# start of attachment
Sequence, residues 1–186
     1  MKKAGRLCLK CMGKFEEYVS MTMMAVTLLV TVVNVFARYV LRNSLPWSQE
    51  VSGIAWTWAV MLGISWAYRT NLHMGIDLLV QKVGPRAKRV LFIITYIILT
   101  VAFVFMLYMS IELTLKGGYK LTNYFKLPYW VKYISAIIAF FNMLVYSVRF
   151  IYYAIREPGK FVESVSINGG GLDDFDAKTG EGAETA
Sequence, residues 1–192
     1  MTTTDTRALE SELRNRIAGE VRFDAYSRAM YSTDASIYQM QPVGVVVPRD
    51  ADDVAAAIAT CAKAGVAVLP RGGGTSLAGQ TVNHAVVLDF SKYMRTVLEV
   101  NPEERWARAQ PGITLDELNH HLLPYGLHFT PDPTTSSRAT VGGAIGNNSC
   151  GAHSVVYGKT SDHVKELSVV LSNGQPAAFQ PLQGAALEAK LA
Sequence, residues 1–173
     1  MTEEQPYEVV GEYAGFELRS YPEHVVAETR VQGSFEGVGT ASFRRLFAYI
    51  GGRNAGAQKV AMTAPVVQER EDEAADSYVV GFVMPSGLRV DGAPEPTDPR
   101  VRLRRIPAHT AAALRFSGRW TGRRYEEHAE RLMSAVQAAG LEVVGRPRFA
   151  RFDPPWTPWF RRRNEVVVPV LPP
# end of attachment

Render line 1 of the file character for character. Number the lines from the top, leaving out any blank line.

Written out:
Sequence, residues 1–186